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Audio: Vilhelm Hammershøi, Ida in an Interior
Vilhelm Hammershøi (Danish, 1864-1916)
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Vilhelm Hammershøi (Danish, 1864-1916)

Ida in an Interior

Vilhelm Hammershøi (Danish, 1864-1916)
Ida in an Interior
signed with initials (lower right)
oil on canvas
28 x 23 in. (71.1 x 58.4 cm.)
Painted in 1897.
Mr. G. Philipsen.
Anonymous sale; Kunsthallen Kunstauktioner, Copenhagen, 2 February 1994, lot 37.
Anonymous sale; Bruun Rasmussen Bredgade, Copenhagen, 4 June 1996, lot 42.
Acquired at the above sale by the present owner.
S. Michaëlis and A. Bramsen, Vilhelm Hammershøi, Copenhagen, 1918, p. 94, no. 168.
P. Vad, Vilhelm Hammershøi and Danish Art at the Turn of the Century, New Haven/London, 1992, p. 144, no. 97 (illustrated).
Copenhagen, Frie Udstilling, 1898.
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Lot Essay

The present painting perfectly reflects the extraordinary sensitivity and contradictions of its maker. An introverted and shy figure, whose domestic and pictorial universe centred around his home at Strandgade 30, Copenhagen, Vilhelm Hammershøi nevertheless travelled extensively around Europe, absorbing the influence of different styles and artists to create a unique and deeply poetic strand of modernist painting.

Hammershøi's interiors are most often compared to those of Johannes Vermeer (fig 1), with whom he shared a sense of poetry and nuanced lighting. In his spatial composition, he also quoted elements from a variety of other Dutch 17th century artists, whom he studied in Paris, Amsterdam and Munich. However, Hammershøi's compositions are pared down to combine a sense of domestic intimacy with a feeling of detachment from the clutter of everyday existence. This paucity of objects combines with muted colours to create paintings that exude a sense of pristine silence and calm.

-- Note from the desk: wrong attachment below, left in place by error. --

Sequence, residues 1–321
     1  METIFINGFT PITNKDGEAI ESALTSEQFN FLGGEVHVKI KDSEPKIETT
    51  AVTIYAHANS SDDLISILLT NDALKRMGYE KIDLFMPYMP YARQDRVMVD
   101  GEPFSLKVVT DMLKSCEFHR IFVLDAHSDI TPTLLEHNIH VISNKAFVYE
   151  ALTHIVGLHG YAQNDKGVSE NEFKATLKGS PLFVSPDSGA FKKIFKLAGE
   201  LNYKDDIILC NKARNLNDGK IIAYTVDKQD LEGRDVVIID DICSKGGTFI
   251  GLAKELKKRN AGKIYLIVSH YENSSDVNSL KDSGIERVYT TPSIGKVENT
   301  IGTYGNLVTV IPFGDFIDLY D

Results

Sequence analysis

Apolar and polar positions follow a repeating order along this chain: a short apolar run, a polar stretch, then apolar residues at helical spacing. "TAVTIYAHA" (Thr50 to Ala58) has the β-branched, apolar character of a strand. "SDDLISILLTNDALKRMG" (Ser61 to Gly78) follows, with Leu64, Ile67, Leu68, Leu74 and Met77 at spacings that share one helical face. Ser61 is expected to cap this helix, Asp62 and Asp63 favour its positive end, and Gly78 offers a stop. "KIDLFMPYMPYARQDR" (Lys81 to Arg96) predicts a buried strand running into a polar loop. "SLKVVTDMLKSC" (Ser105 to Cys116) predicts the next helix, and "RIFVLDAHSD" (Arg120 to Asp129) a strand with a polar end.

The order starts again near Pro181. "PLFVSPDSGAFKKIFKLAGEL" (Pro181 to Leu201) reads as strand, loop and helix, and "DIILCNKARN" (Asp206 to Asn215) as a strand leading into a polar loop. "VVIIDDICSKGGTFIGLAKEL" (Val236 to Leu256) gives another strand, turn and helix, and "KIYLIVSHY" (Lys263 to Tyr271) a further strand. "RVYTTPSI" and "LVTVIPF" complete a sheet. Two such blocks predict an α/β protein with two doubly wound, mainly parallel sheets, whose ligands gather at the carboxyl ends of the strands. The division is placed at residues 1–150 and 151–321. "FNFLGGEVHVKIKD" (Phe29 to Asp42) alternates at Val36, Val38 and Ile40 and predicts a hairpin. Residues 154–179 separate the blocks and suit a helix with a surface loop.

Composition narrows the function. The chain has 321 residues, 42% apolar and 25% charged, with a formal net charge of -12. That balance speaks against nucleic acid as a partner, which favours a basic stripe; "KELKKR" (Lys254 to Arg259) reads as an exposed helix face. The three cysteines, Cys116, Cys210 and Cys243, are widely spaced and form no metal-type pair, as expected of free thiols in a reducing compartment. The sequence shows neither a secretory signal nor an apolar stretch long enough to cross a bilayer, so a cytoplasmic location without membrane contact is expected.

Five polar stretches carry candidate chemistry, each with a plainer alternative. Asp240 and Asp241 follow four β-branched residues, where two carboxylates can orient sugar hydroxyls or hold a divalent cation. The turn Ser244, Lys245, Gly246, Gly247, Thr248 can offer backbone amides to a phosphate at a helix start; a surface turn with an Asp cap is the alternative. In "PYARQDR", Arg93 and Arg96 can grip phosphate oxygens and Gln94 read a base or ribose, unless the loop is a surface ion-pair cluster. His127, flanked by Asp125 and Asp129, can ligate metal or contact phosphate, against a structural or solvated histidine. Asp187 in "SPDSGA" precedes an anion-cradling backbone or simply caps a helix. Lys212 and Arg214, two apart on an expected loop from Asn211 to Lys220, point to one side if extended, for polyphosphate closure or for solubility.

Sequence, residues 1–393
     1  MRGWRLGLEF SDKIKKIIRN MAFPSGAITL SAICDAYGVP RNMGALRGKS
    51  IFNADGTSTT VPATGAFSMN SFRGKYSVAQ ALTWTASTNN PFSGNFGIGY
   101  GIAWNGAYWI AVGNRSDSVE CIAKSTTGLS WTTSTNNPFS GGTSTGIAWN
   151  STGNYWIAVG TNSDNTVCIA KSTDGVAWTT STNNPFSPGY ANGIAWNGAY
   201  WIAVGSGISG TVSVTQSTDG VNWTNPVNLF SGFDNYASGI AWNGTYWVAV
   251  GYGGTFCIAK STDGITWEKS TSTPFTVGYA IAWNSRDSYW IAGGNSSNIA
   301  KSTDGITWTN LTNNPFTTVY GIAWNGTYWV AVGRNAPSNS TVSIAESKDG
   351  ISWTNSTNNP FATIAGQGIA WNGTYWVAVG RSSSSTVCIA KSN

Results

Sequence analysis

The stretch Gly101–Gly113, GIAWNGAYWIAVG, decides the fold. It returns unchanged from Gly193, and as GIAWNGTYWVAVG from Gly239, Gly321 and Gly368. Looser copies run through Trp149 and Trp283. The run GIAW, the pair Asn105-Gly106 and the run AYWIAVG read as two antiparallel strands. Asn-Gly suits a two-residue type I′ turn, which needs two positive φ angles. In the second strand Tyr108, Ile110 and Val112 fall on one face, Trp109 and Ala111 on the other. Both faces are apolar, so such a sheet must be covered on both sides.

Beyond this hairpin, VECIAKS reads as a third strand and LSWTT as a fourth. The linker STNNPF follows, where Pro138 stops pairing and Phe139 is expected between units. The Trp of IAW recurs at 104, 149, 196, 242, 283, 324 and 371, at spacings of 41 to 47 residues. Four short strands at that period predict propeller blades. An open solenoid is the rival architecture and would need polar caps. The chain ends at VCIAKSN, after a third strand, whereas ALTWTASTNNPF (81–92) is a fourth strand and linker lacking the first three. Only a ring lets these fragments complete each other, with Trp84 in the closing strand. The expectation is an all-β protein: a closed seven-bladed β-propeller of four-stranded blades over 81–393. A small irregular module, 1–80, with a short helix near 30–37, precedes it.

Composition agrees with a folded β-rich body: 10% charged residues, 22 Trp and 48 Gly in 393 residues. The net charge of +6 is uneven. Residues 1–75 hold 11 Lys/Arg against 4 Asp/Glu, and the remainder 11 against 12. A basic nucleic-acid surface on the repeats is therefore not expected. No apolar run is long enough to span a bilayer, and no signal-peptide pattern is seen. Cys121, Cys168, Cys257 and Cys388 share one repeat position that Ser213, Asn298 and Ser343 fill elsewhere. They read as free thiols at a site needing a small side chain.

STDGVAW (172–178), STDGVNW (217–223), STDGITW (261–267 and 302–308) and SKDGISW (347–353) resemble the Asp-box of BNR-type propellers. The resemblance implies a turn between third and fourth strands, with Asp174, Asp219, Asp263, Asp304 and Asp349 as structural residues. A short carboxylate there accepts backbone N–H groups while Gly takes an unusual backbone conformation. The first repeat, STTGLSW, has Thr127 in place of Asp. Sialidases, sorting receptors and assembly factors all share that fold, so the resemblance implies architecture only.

Amongst his contemporaries, Hammershøi most clearly absorbed aspects of the style of James McNeill Whistler. Although he tried unsuccessfully to meet Whistler while in London in 1886 to show him his work (the American was in Paris at the time) they were linked by mutual friendship and patronage to Alfred Bramsen. Both artists worked in muted monochomatic tones, resulting in a style in which mood dominates subject. Indeed, paintings such as the Dane's painting of his mother is a clear stylistic reference to Whistler's most iconic work, Arrangement in Grey and Black No.1 (Portrait of the Artist's Mother) (fig.2), which Hammershøi would have seen exhibited at the Musée du Luxembourg in 1891.

Hammershøi's travels and contacts among leading figures of modern art also led him indirectly into contact with the Belgian Symbolists, to whom his paintings bear immediate aesthetic comparison. As Felix Krämer writes: